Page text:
Sunday, August 7, 2011

Zen Failure; Zen Success?

There's a slightly provocative post over at No Zen in the West I'd like to draw your attention to. For our purposes here, I want to examine one section of it, which goes like this:

A distinguished Buddhist scholar told me that the burden of Zen teachers he knows is the need to act/be “enlightened”. How heavy! “I’m a Zen teacher, great! Now I have to somehow embody the premise that this way of life and practice makes people better, enlightens people.”

David Chadwick, after decades in Zen circles, hasn’t noticed that Zen practice works, which means that Zen teachers and Zen students everywhere could be off of the hook. If it’s not making us better than other people, it’s not because we’re not doing it right!

The late Rev. John King said that he loved so much going into our San Quentin Sangha because in prison – perhaps only there – “you don’t have to pretend that your life is working”. You don’t have to pretend to be a success, because it’s clear that everyone’s life is a failure. So you can just relax.

I’m feeling something like that about David’s observation. Great! Zen doesn’t work. I don’t need to pretend it does, or convince anyone else it does. I can just do it for the love of doing it, if I happen to love doing it, and forget that any good might come of it in the least. Forget the idea that I’ve gotten any better from it.

Of course, you might recognize that "success" and "failure" are part of the Eight Worldly Winds that Buddha spoke about frequently in various forms. And if you know anything about them, you know that they're always blowing about, shifting and changing like our own breath does.

So, any talk about whether Zen practice "works" or not is coming out of those winds, and as such, doesn't have any ground to stand on. What's considered a success today, is tomorrow's failure. Something gained today is lost tomorrow and regained the next day. Yesterday, I was called a "good Zen student." Tomorrow, maybe I irritate everyone and suddenly am now considered "a bad Zen student." And so it goes.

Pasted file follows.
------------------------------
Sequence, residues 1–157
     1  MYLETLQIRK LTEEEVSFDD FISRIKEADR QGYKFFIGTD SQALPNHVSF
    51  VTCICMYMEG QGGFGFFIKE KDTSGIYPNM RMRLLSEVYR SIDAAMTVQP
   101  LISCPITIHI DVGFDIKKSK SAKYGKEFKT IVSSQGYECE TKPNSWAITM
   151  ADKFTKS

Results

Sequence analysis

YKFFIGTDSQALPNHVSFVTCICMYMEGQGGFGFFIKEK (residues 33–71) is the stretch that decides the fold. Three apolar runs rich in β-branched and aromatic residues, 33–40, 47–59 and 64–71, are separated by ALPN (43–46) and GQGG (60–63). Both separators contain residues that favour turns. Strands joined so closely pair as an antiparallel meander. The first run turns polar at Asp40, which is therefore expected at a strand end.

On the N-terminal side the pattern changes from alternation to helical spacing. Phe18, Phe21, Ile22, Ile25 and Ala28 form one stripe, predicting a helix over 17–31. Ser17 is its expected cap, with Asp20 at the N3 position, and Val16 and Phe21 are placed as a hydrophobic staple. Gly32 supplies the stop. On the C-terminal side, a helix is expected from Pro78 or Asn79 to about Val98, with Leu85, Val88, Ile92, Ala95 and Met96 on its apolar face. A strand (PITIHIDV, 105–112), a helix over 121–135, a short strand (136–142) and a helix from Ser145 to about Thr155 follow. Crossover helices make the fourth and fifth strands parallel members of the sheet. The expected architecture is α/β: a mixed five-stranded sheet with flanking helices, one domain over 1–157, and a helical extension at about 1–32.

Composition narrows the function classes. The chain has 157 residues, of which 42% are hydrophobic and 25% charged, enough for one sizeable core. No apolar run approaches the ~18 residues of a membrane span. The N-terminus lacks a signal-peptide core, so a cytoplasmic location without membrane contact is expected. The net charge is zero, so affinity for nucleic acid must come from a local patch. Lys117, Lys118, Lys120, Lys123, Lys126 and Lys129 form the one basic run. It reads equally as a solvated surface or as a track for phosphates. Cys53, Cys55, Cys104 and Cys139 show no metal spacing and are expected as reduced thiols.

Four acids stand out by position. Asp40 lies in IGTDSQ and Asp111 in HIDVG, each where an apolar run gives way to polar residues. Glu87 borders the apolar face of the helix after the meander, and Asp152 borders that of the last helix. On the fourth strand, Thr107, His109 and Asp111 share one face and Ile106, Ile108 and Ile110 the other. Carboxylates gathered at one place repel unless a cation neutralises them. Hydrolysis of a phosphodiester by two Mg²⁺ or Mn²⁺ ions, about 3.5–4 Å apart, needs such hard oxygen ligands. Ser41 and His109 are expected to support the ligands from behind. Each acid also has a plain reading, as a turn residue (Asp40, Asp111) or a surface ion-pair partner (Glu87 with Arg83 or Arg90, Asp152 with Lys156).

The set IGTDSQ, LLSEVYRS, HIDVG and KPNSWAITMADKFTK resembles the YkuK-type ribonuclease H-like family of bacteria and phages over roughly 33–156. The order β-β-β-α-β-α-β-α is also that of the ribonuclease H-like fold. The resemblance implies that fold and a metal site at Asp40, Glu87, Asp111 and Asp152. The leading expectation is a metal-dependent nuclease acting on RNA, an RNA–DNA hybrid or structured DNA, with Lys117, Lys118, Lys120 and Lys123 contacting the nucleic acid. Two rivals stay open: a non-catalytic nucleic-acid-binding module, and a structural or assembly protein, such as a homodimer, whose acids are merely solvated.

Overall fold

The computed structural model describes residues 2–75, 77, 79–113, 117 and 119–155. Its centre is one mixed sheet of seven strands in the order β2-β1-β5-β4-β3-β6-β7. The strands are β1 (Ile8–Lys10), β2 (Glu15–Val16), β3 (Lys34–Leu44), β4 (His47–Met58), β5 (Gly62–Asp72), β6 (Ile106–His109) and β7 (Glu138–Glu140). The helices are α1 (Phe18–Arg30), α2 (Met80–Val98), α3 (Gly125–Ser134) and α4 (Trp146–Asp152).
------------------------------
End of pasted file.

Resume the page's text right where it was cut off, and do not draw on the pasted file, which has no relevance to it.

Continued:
However, this leaves us in a predicament, I think. Because all of our regular ways for assessing what's happening basically fall flat when it comes to the spiritual life.

Is everyone's life in San Quentin "a failure"? Based upon conventional view standards, I suppose you could say "yes." Yet, that's only one way to see it.

Go a little deeper, though, and you might notice that not only is talk about working and not working, success and failure lacking ground, but it also is all about comparison. And I don't know about you, but when I'm trapped in comparing myself with others, it tends to be a walk down the royal road of hell.

Somehow, if you're really going to do Zen practice, or are really intent on liberation, you have to stop defining whatever it is that you are doing (or not doing) with variations on the Eight Worldly Wind theme. In other words, coming to a place where you can let all the noise of life blow around you and even within you - without choosing to identify yourself with any one or a handful of aspects of it - is pretty key.

Just relaxing - without the need to label "success" or "failure," for example - that's one possibility. Another might be to function with the understanding that all labeling is provisional, just a skillful means for working with the causes and conditions of the moment.